So instead I sent off another two near-identical emails to Royal Mail, and early yesterday afternoon I discovered a huge stack of mail that had been pushed through my letterbox (slightly crushed and only mildly shredded), each piece heavily marked ‘C&C’ in biro. It didn’t take long for my superior intellect to figure out that this was an acronym for ‘Call and Collect’ and therefore, as suspected, all of my mail had been collecting dust in a pigeon hole in Southend.
Amongst the various bills, statements and the odd magazine I discovered two pieces from the Royal Mail themselves; one a short letter stating that my request to change from PO Box Collect to PO Box Delivery had been noted, and the other an invoice for £59.40, being the balance between the cost of the two services for a period of twelve months.

Now the first thing that stuck me was the fact that in their wisdom, the PO Box team had sent letters about the delivery of my mail to a pigeon hole in Southend, to which I could not respond as they hadn't been delivered to me, rather than simply continuing our email correspondence.
The second thing that struck me was that, after double checking the invoice, I realised that the delivery charge had been backdated to when I renewed my PO Box account in March.
Effectively, I was being billed for the Royal Mail to deliver the PO Box mail that I have already collected from them over the past five months.

Assuming that this was some sort of clerical error I called the number on the letter for ‘any queries.’ After breaking the keypad code to get through to speak to a real live human, I was informed that this indeed was the case, and there was no option for me but to either pay the invoice and have my deliveries resumed, or to collect the mail from Southend myself.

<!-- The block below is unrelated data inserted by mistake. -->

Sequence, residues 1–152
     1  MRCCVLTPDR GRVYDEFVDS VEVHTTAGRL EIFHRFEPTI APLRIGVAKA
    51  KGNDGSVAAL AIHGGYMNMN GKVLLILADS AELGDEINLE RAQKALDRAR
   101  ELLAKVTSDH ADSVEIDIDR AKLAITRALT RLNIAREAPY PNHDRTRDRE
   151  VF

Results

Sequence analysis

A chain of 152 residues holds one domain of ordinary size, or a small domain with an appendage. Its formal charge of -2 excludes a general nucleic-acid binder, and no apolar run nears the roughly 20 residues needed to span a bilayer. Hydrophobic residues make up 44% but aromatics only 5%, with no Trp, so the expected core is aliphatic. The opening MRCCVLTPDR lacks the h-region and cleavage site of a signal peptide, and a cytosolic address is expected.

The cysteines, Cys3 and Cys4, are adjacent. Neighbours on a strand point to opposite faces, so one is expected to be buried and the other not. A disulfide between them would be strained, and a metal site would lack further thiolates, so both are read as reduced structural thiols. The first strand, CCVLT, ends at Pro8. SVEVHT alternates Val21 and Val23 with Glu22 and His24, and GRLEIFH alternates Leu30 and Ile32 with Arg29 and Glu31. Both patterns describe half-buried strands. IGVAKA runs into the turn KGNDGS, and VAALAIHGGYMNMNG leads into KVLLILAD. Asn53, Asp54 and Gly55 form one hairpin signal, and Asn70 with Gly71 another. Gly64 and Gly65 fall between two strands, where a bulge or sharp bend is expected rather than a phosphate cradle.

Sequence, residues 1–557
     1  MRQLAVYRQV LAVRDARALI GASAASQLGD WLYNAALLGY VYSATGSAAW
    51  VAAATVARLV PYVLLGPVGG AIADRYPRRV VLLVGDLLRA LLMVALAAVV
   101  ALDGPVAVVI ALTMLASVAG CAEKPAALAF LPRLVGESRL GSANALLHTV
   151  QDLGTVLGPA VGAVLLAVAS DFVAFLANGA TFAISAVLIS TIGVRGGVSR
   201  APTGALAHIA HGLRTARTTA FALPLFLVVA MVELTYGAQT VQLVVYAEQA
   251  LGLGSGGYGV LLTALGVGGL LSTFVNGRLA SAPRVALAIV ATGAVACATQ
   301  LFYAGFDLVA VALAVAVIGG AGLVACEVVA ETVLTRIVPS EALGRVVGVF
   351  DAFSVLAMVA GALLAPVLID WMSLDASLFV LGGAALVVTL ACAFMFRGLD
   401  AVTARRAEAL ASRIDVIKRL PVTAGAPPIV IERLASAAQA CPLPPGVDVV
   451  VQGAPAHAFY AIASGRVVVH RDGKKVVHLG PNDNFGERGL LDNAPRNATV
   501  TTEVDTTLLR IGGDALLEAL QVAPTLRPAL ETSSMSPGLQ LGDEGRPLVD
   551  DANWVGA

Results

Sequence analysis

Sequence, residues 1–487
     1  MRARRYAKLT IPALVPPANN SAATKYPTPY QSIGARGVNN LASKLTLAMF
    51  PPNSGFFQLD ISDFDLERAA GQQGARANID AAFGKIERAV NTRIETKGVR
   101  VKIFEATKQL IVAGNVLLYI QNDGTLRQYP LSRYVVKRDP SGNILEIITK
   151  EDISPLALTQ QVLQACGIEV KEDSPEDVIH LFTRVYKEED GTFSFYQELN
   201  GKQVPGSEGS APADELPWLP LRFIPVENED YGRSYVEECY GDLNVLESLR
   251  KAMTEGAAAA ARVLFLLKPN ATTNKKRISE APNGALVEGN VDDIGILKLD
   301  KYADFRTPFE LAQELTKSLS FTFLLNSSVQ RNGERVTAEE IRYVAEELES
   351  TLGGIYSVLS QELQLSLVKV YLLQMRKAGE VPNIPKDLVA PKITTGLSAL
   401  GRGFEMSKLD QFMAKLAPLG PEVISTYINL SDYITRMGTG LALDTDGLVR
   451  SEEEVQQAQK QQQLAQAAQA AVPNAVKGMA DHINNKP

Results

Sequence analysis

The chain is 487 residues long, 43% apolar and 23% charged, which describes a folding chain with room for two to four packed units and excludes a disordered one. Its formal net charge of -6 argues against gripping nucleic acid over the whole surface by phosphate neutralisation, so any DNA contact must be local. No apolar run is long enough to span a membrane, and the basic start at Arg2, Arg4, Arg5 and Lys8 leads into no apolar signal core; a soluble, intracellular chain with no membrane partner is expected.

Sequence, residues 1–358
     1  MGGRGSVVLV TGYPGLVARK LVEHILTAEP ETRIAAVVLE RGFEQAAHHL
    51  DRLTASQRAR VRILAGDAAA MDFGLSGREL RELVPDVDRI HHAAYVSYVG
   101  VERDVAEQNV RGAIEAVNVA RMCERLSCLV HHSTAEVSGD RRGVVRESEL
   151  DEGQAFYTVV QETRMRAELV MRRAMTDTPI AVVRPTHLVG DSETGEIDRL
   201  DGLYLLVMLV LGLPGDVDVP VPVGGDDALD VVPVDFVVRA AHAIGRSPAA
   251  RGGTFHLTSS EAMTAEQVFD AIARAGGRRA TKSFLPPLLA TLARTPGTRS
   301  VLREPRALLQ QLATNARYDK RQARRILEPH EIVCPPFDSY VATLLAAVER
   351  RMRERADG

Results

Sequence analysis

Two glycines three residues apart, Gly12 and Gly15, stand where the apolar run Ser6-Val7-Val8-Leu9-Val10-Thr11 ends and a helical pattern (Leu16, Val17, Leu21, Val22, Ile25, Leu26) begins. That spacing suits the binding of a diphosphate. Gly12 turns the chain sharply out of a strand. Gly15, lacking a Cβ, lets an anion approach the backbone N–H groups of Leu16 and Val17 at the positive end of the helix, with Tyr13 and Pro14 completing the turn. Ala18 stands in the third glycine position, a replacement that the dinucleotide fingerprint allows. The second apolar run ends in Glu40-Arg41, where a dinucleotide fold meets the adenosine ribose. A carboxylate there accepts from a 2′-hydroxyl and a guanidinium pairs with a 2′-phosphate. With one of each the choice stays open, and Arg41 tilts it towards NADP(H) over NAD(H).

The telephone operator kindly offered to pass my request for a partial refund on to a higher authority, but he already knew what they would say. It wasn't his fault of course; he being just cannon fodder to act as insulation between the Royal Mail hierarchy and their customers, so that they can continue making unreasonable and inflexible policies without having to face any consequences.
So, not only have the Royal Mail closed my local delivery office – the one I expected to be able to continue collecting my mail from when I renewed my PO Box account – not only do they expect me to choose between spending over half an hour every day driving into Southend and back, or to pay for the privilege of having my PO Box mail delivered – but they also expect me to pay for a five month period where I had been collecting my PO Box mail myself.

Rather amusingly, I also discovered a We Tried to Deliver…’ card in amongst my pile of mail, despite the fact that - you guessed it - I was at home all the time. I would have thought that it would be in the postman’s best interests to actually deliver a bulky package, spend a few seconds looking around for something that looked like a doorbell or an intercom buzzer, rap on the window maybe, perhaps see if a neighbour would take it in… rather than have to write out another ‘We Tried to Deliver…’ card and take the package all the way back to Southend. But, no. And now, I have to wait until Tuesday to have a redelivery attempted at the earliest.

The saddest part of all this is that none of it surprises me. It’s all entirely typical of my experience of the Royal Mail’s behaviour and general level of service over the course of the last twenty years or so.
The worst part is that not only has the service gradually deteriorated over time, the quality of service reduced to such a point that I'm actually surprised when a first class letter arrives the next day; their deliveries have been cut from two per day to one; delivery offices are being closed all over the UK; and, worst of all, that their charges have increased exponentially over the corresponding period.